Reply To: AN1.310



I think I see fear, grasping and resistance in your posts.

In your posts, you are often seeking answers to confirm your hopes and expectations for a better future, while somehow trying to maintain the status quo, and resisting the need for major upheavals. These stem from deep within you, and seem very strong and persistent.

Perhaps on some level you are aware of, or suspect, how futile all this (your current approach) is, and you have begun to despair of ever finding the light.

Please continue to stay with us, and believe in us, or more specifically the Teachings of The Buddha.

The Buddha, I think, taught that there were three facets to tanha. All these stem from strong, perverted desires and will inevitably result in much suffering.

They are 1)desire for sense pleasures, 2)desire for existence (in any of the 31 realms), and 3) aversion. I think you are currently experiencing much aversion for the unsatisfactory aspects of life, while at the same time craving for sense pleasures and existences that will give you these pleasures. These are all manifestations of tanha. Perhaps you may be surprised that strong aversion is also a type of tanha, but it is.

The Buddha preached the Middle Way, and it is applicable in different ways. Try to approach your life circumstances with equanimity. It is easier said than done, I know, but we have to start somewhere.

When fortunate things happen to you, do not be overly elated. When unfortunate things happen to you, do not overly despair. Do not worry about the future, if you have done the best you could at the time. Whatever will be, will be. When planning for the well being of your future, do not be too concerned if your plans will come to fruition or not.

You may think it is not in your nature to think and act like that. But have you considered that through uncountable maha kalpas, we have been planning and striving and plotting and scheming (plotting and scheming in those lifetimes in which we were predominantly immoral) for our worldly self-benefit and it has all come to naught at the end of the lifetimes? What has inevitably followed us, however, has been our kamma, whether kusala, punna, akusala, or papa to bring fortune or misfortune upon us.

Since we have all lived for so long in uncountable rebirths and are likely to do so again in the future if we do not do something about it, let us leave all the striving, planning and dreaming to future lives. There are far more important things to be done for now, in this very life. For all of us have been emperors, empresses, rich men or women, and so on in the past and will probably continue to do so in the future, so there is really no need to worry so much about worldly success, fame or fortune. We do need to be able to delay our gratification though! :)

Since the world is highly seductive and has the anicca nature, non-Ariya human beings who have a lot of javana power in their sankaras are almost always being seduced and baited into committing immoral actions and inevitably spend most of their time in the apayas.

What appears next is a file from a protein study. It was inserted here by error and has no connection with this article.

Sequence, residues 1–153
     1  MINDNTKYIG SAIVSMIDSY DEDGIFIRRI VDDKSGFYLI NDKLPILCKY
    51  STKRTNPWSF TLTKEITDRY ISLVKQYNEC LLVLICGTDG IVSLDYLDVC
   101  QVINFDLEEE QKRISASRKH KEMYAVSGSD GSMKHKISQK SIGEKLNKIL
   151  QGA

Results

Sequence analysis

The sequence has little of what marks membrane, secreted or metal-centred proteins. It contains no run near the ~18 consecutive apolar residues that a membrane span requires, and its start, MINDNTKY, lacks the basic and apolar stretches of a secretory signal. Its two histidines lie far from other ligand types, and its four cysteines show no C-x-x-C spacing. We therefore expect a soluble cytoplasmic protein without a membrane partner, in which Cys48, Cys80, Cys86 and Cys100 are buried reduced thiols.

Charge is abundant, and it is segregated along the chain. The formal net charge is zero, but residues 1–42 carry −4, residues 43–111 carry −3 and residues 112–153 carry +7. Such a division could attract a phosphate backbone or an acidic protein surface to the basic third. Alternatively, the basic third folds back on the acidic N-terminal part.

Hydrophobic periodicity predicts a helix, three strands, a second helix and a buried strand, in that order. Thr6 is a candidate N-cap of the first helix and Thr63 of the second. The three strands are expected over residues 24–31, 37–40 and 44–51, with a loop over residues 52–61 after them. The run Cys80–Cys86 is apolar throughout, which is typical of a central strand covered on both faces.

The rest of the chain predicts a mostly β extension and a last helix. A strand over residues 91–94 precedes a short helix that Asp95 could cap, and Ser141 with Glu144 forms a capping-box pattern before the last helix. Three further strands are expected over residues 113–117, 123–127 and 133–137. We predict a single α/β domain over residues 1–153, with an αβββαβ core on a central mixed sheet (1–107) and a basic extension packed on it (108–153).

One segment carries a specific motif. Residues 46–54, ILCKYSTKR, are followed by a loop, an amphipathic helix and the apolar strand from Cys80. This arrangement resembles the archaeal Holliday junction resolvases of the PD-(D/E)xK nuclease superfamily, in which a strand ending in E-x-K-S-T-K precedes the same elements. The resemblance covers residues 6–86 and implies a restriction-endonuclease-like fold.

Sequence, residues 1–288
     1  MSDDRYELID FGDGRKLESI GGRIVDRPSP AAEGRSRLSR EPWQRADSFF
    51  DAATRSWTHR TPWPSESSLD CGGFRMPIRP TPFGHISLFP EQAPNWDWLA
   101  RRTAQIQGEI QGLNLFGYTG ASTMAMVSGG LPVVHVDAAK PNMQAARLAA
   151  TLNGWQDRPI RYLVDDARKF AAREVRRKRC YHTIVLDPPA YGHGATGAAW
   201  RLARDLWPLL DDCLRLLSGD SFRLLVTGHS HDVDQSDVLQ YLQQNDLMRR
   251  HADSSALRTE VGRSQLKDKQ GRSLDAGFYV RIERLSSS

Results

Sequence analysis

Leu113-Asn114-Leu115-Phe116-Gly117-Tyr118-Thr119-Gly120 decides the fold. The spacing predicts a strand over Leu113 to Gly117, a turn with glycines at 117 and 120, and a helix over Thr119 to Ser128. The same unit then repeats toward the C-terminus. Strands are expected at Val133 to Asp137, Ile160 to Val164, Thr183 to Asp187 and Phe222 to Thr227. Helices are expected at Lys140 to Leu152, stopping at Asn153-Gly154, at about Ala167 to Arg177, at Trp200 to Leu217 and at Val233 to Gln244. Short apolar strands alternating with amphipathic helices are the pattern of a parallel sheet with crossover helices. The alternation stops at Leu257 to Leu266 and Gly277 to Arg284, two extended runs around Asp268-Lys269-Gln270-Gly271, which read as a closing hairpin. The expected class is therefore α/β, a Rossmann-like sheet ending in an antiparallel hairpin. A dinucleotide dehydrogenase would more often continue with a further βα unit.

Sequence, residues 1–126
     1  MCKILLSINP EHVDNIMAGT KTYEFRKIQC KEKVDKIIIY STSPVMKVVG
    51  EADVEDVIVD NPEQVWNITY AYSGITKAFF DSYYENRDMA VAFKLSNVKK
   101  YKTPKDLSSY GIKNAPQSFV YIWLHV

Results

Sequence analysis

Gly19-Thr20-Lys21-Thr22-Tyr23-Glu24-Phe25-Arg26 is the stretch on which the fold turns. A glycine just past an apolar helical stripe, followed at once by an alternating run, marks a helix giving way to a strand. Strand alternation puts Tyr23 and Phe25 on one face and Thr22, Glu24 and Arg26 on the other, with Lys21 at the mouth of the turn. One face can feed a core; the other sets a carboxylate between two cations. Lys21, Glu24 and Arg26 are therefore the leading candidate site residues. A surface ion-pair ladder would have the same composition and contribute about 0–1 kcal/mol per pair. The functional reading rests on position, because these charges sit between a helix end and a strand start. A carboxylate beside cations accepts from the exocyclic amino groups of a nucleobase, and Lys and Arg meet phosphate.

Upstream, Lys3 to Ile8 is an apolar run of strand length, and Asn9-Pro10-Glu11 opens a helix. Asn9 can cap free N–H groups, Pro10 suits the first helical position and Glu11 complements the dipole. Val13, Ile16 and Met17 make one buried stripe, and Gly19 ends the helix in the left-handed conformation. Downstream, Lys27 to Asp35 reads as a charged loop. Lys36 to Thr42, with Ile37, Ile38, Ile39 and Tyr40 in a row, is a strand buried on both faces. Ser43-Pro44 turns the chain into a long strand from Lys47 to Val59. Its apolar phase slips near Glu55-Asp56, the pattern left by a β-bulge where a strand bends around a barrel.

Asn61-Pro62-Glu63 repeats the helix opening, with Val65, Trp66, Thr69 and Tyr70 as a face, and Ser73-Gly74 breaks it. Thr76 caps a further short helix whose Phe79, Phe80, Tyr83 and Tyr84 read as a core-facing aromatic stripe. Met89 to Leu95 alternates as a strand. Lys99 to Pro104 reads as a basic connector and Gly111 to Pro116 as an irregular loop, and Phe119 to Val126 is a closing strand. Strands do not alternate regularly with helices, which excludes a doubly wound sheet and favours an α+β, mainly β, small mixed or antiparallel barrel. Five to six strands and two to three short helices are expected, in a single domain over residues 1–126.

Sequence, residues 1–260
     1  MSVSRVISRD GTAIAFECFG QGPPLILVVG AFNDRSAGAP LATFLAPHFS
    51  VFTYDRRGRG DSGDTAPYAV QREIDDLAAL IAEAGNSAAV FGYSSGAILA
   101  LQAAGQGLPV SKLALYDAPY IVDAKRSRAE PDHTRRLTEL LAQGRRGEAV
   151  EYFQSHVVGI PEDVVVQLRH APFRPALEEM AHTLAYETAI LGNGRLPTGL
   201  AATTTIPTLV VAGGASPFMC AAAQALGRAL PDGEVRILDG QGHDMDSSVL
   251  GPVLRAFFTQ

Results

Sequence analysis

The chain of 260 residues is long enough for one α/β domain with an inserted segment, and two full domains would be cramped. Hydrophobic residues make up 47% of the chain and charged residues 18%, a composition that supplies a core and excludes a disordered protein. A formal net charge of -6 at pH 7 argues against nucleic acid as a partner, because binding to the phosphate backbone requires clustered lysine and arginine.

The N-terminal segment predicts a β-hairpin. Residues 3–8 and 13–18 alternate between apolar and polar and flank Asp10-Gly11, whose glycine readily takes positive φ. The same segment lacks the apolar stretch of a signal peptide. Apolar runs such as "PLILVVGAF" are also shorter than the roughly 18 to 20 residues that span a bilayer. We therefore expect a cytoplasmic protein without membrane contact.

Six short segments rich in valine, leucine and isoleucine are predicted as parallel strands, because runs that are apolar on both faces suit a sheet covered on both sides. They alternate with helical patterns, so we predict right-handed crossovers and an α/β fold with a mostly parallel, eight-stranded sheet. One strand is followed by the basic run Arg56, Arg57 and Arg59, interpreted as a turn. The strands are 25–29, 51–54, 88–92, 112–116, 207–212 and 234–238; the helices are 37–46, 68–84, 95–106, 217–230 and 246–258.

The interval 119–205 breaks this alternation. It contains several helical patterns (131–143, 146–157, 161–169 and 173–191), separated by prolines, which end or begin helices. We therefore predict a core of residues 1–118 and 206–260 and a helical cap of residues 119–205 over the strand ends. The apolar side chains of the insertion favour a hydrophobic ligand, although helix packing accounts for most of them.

If what you are feeling is frightful enough, have you considered that things could be infinitely worse in Avici Hell and the other hells, as well as in the preta or asura realms or having the life of an animal with much uncertainty in their lives? Furthermore, it is very hard to get out of the apayas once we are drawn into them. Furthermore, even if we are fortunate enough to have the extremely rare chance of being born a human, it would still be extremely rare to encounter a Buddha Sasana, as there are maha kalpas where there is not even a Buddha to help us see the real nature of existence. When we think both our lives and deaths are very uncertain in the future, we begin to see how urgent it is to embark on the Path, to at least become a Sotapanna.

Many people feel tension, unhappiness, stress or emptiness in their lives, even when things are seemingly going smoothly for them. This is because of the cravings all of them have. I believe it is far more important to achieve peace and happiness than to be successful in worldly, material terms yet be miserable.

How can we start? Try to perform more dana, sila and bhavana. In terms of dana, practise giving with no expectations of getting anything in return. You could give of your money, possessions, time, moral support, smiles, advice, etc. Refrain from committing immoral acts and do more moral acts; learn more Buddhadhamma and practise accordingly. Gradually, more happiness will start to creep into our lives if we persist for some time.

I have often wondered what it would feel like to be an Arahant or Buddha. For the Buddha, He had achieved all that was Noble and there was ‘nothing else to be done’. Such states are extremely wonderful. Perhaps you could imagine: If you had achieved everything that was worthwhile to be done and there was nothing else you needed to do, how would you feel? Try to bring such a scenario to your mind and immerse yourself in that state or feeling for a while. Try to return to that state or feeling whenever you feel stressed or frightened.

Hope all this helps.